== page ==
Proliferative phase: The proliferative phase essentially involves the production of shelter material, which for the majority of musculoskeletal injuries involves the production of scar (collagen). The proliferative phase has a rapid onset (24-48 hours) but takes much longer to reach peak reactivity, which is usually 2-3 weeks after injury, the more vascularized the tissue, the less time it takes to reach the peak of production. This peak in activity does not represent the time at which scar production is complete, but the phase during which the bulk of the scar material is formed. The production of a high quality and functional scar is not achieved until later in the overall repair process. Generally speaking, proliferation is normally considered to start from the first day or two after injury towards the peak at 2-3 weeks and decrease immediately thereafter over a period of several months after the injury. The repair process restores tissue continuity from the initial deposit of granular tissue that matures to form scar tissue. The shelter tissue is connective tissue, well distinguished from that which forms in different ways from the original connective tissue. Interesting recent studies have identified that there is a degree of post-traumatic regenerative activity in the muscle, related to the activation of mechanosensitive growth factors and consequent activation of satellite muscle cells. A number of growth factors have been identified as active in proliferation processes, again leading to some new potential treatments. Two fundamental processes are involved in the repair and are fibroplasia and angiogenesis. The function of the fibroblast is to repair the connective tissue. Fibroblasts migrate to the area from surrounding tissues. Fibroclastic activation is chemically mediated, and the large amount of some mediators has been identified, including various factors released by macrophages during the inflammatory stage. Fibroblasts migrate to the injured area and proliferate in the first few days after tissue damage. The fibroblastic production of new collagen, required as a repairing effect, is oxygen-dependent and poor tissue oxygenation will limit the effectiveness of the process. Fibroblasts not only produce the required collagen, but also the glycosaminoglycans and proteoglycans necessary for the base matter. The bonds of the triple helix collagen molecules and their relative lubrication will affect the mobility and extensibility of the scar tissue. Angiogenesis (the formation of new local blood vessels in the lesion area) is essential due to the fact that the production of collagen from fibroblasts is inhibited in conditions of poor oxygenation. Angiogenesis results in an increase in local flow and an increase in the availability of oxygen, which allows the fibroblasts to generate their product. A large number of mediators are able to influence these events, and interestingly a number of stimulants (including ultrasound, electrical stimulation and exercise) have been shown to stimulate this normal reaction. Myofibroblasts are derived from fibroblasts activated by a number of chemical mediators, and are responsible for the contraction of the wound and the rapid strengthening of the shelter. These pull the bridges of the wounds together, especially in skin lesions, reducing the size of the final scar. Granular-scar tissue matures with lymphatic development (roughly like capillary development), nerve fibers and invasion of mast cells. Collagen fibers are oriented in response to local stress providing traction force in desired directions. When the granular tissue matures, there is a devascularization process with obliteration of the lumen of the vessels.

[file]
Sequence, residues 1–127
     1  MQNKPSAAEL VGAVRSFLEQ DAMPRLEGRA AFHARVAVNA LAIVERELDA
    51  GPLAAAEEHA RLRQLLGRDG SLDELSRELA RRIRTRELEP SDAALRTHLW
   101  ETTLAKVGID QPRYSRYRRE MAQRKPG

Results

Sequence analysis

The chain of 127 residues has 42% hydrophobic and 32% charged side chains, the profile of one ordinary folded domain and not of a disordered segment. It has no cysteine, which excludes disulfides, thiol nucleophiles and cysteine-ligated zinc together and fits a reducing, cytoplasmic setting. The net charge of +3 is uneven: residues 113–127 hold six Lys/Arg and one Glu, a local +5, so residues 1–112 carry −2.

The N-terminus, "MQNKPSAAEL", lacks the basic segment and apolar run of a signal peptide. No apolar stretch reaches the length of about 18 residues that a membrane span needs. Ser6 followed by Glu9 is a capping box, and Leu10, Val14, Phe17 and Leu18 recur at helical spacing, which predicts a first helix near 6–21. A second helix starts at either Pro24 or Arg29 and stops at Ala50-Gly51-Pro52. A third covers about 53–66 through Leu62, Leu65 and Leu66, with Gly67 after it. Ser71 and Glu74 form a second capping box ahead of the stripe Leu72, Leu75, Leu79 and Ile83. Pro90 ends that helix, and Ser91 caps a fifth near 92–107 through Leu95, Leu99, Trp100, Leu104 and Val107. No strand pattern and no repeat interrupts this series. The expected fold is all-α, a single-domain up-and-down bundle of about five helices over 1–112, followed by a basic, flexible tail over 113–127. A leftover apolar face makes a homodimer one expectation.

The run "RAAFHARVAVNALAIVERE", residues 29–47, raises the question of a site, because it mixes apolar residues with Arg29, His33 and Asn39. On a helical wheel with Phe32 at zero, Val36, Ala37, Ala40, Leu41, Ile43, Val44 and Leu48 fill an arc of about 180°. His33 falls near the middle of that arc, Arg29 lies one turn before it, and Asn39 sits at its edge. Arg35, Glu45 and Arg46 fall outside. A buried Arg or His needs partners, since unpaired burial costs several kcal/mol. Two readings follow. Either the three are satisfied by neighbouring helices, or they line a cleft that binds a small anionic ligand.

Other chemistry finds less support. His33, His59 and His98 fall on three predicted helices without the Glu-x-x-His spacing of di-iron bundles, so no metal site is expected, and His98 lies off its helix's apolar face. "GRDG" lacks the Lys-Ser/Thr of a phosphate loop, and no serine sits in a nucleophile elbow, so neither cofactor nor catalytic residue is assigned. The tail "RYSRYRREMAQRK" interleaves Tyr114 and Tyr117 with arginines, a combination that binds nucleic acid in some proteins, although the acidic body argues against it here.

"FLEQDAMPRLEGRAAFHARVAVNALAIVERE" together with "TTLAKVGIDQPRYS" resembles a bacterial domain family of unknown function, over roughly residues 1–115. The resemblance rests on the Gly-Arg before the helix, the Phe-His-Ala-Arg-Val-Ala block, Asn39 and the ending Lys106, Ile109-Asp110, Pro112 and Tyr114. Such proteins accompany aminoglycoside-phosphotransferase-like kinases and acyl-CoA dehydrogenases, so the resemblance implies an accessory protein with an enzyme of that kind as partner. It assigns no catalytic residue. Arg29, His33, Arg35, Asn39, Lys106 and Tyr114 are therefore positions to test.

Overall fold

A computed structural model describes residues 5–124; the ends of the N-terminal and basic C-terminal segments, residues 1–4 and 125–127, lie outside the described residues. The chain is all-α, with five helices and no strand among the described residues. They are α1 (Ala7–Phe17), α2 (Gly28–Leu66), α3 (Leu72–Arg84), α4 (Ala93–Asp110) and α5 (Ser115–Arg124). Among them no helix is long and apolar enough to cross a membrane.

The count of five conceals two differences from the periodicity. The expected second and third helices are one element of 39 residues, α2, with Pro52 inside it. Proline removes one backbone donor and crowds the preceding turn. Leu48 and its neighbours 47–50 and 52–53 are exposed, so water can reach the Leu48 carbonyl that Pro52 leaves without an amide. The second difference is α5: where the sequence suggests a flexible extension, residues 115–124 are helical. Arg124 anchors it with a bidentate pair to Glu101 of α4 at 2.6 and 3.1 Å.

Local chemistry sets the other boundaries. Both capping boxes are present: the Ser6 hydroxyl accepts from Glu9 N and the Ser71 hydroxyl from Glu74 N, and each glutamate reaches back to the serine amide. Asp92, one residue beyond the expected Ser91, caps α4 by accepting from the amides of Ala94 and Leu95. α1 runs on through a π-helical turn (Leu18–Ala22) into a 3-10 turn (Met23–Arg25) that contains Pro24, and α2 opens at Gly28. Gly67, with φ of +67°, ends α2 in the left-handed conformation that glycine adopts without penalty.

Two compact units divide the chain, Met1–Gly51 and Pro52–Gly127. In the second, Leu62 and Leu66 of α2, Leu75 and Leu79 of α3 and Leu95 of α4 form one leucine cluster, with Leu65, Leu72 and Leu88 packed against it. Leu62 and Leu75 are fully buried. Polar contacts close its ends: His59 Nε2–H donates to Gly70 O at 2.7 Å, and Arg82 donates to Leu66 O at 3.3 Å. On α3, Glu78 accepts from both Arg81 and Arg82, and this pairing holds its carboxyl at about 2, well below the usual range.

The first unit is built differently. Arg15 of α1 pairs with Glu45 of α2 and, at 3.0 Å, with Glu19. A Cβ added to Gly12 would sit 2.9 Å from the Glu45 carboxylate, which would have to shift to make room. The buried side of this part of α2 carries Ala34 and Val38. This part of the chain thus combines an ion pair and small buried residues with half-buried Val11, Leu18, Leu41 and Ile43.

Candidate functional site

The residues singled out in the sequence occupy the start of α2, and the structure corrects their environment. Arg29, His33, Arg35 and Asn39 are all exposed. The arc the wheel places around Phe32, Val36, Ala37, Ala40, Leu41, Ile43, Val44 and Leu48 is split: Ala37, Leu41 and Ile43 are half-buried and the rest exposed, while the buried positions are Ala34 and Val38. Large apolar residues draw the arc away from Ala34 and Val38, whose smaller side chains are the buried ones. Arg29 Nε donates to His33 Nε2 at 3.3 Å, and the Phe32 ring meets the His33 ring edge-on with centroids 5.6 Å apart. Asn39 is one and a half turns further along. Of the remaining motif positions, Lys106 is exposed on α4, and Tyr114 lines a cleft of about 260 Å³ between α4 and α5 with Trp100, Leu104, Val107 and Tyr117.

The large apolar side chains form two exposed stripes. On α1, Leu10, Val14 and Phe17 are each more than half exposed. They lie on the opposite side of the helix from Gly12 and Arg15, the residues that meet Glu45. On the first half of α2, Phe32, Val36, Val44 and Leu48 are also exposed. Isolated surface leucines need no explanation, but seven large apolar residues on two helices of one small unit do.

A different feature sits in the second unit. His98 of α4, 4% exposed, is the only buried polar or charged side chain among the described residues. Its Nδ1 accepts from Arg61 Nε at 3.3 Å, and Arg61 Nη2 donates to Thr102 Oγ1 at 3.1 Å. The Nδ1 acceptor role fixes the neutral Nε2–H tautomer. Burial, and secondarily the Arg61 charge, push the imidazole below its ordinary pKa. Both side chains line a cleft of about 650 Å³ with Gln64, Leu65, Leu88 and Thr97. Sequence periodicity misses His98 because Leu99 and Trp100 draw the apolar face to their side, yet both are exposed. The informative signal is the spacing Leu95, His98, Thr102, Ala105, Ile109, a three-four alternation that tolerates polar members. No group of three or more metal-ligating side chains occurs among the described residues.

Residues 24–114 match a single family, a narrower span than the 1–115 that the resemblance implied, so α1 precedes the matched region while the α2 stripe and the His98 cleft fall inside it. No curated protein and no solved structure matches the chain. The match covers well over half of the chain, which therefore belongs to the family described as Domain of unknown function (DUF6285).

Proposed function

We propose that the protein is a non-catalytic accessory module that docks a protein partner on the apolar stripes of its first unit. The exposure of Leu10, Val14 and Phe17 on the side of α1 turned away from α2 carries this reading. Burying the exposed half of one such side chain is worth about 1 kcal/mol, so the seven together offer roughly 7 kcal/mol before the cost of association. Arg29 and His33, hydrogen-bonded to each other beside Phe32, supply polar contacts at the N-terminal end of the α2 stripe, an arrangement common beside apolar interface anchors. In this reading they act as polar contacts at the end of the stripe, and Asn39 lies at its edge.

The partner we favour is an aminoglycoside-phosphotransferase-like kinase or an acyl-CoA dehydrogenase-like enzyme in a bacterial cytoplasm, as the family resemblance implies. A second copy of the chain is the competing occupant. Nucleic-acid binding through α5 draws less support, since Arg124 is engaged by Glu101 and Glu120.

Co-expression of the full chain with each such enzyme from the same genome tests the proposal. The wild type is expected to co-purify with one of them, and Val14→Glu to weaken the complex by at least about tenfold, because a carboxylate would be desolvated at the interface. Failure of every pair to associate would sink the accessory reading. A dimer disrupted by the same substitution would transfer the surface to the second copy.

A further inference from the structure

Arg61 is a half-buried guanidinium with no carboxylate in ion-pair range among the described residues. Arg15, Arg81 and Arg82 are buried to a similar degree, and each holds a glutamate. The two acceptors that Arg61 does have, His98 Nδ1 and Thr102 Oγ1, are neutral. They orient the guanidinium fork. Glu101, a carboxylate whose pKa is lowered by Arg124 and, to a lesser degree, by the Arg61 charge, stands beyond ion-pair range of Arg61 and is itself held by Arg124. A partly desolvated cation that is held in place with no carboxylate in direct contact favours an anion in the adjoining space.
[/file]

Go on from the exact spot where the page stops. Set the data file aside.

Remodeling Phase: The remodeling phase is an essential component of tissue repair and is often overlooked in terms of importance. It is neither low nor highly reactive, but results in a functional and organized scar that is able to behave in a similar way to the parent tissue (which is being repaired). The remodeling phase has a more extensible overlap with the proliferative phase mentioned above, and is considered to begin in the first week after the injury, and the scar is remodeled as it is built rather than after the event. The remodeling phase primarily involves the newly deposited collagen and the associated extracellular matrix. The initial collagen deposition produces relatively weak fibrils with random orientation. As collagen matures, it becomes much more oriented in line with local stresses. A percentage of the original collagen (Type III) is reabsorbed (by the action of collagenase) and replaced with Type I collagen with more cross links and more traction force. Collagen synthesis and lysis both occur in large quantities in a normal wound, compared to uninjured tissue as old fibrous tissue is removed and new scar tissue is deposited. However, the scar that matures is a dynamic system rather than a static system. There are important factors that influence the course of this long phase, including physical stress. A final remodeling can continue for months, and even beyond a year after the wound has healed.
Cytokines, growth factors and tissue repair: Recently published studies concern the influence of a significant amount of cytokines and growth factors in various aspects of the repair process. This is supporting the possibility that future manual treatments could be openly used to influence these mediators and even influence the repair process. The damaged tissue will be repaired with a scar that is not only a replacement for the original tissue, but provides a functional, long-term adjustment that is capable of allowing for quality repair from the injury.